More informationLecture 4 Continuous time linear quadratic regulator
EE363 Winter 200809 Lecture 4 Continuous time linear quadratic regulator continuoustime LQR problem dynamic programming solution Hamiltonian system and two point boundary value problem infinite horizon
More informationFinal Exam Solutions
EE55: Linear Systems Final Exam SIST, ShanghaiTech Final Exam Solutions Course: Linear Systems Teacher: Prof. Boris Houska Duration: 85min YOUR NAME: (type in English letters) I Introduction This exam
More informationSolution via Laplace transform and matrix exponential
EE263 Autumn 2015 S. Boyd and S. Lall Solution via Laplace transform and matrix exponential Laplace transform solving ẋ = Ax via Laplace transform state transition matrix matrix exponential qualitative
More informationPontryagin s Minimum Principle 1
ECE 680 Fall 2013 Pontryagin s Minimum Principle 1 In this handout, we provide a derivation of the minimum principle of Pontryagin, which is a generalization of the EulerLagrange equations that also includes
More informationMath 312 Lecture Notes Linear Twodimensional Systems of Differential Equations
Math 2 Lecture Notes Linear Twodimensional Systems of Differential Equations Warren Weckesser Department of Mathematics Colgate University February 2005 In these notes, we consider the linear system of
More informationNetwork Flows that Solve Linear Equations
Network Flows that Solve Linear Equations Guodong Shi, Brian D. O. Anderson and Uwe Helmke Abstract We study distributed network flows as solvers in continuous time for the linear algebraic equation arxiv:1510.05176v3
More information1. The Transition Matrix (Hint: Recall that the solution to the linear equation ẋ = Ax + Bu is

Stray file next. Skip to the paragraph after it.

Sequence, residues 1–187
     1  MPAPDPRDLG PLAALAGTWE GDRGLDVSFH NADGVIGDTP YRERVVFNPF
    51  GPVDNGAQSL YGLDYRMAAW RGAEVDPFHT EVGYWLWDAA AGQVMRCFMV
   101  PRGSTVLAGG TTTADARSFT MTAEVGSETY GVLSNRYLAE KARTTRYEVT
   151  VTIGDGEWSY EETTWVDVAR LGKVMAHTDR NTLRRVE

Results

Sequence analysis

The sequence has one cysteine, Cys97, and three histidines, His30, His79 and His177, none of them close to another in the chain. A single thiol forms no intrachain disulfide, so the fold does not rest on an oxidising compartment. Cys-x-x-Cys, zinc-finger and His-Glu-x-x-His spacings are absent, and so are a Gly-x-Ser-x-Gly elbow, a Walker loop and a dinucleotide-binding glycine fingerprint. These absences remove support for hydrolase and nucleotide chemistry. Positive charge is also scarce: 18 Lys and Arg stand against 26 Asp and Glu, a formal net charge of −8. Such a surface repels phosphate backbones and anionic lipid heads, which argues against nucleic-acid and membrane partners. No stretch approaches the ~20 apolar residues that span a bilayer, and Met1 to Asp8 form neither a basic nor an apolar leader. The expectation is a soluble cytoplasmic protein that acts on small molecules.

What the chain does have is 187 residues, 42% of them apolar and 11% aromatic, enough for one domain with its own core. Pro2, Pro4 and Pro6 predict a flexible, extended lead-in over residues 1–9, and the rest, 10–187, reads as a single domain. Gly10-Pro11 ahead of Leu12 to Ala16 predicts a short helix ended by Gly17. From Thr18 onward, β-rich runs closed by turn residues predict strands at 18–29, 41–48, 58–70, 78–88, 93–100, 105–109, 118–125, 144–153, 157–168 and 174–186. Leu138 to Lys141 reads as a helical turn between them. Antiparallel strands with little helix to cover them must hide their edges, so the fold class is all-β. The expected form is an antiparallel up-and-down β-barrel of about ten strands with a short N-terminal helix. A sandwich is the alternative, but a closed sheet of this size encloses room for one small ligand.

ECE 55, Fall 2007 Problem Set #4 Solution The Transition Matrix (Hint: Recall that the solution to the linear equation ẋ Ax + Bu is x(t) e A(t ) x( ) + e A(t τ) Bu(τ)dτ () This formula is extremely important
More information1 Steady State Error (30 pts)
Professor Fearing EECS C28/ME C34 Problem Set Fall 2 Steady State Error (3 pts) Given the following continuous time (CT) system ] ẋ = A x + B u = x + 2 7 ] u(t), y = ] x () a) Given error e(t) = r(t) y(t)
More informationOptimal Control Theory  Module 3  Maximum Principle
Optimal Control Theory  Module 3  Maximum Principle Fall, 215  University of Notre Dame 7.1  Statement of Maximum Principle Consider the problem of minimizing J(u, t f ) = f t L(x, u)dt subject to
More information9 Controller Discretization
9 Controller Discretization In most applications, a control system is implemented in a digital fashion on a computer. This implies that the measurements that are supplied to the control system must be
More informationIntersecting Two Lines, Part One
Module 1.4 Page 118 of 1124. Module 1.4: Intersecting Two Lines, Part One This module will explain to you several common methods used for intersecting two lines. By this, we mean finding the point x, y)
More information0 t < 0 1 t 1. u(t) =
A. M. Niknejad University of California, Berkeley EE 100 / 42 Lecture 13 p. 22/33 Step Response A unit step function is described by u(t) = ( 0 t < 0 1 t 1 While the waveform has an artificial jump (difficult
More information10 Transfer Matrix Models
MIT EECS 6.241 (FALL 26) LECTURE NOTES BY A. MEGRETSKI 1 Transfer Matrix Models So far, transfer matrices were introduced for finite order state space LTI models, in which case they serve as an important
More informationLTI Systems (Continuous & Discrete)  Basics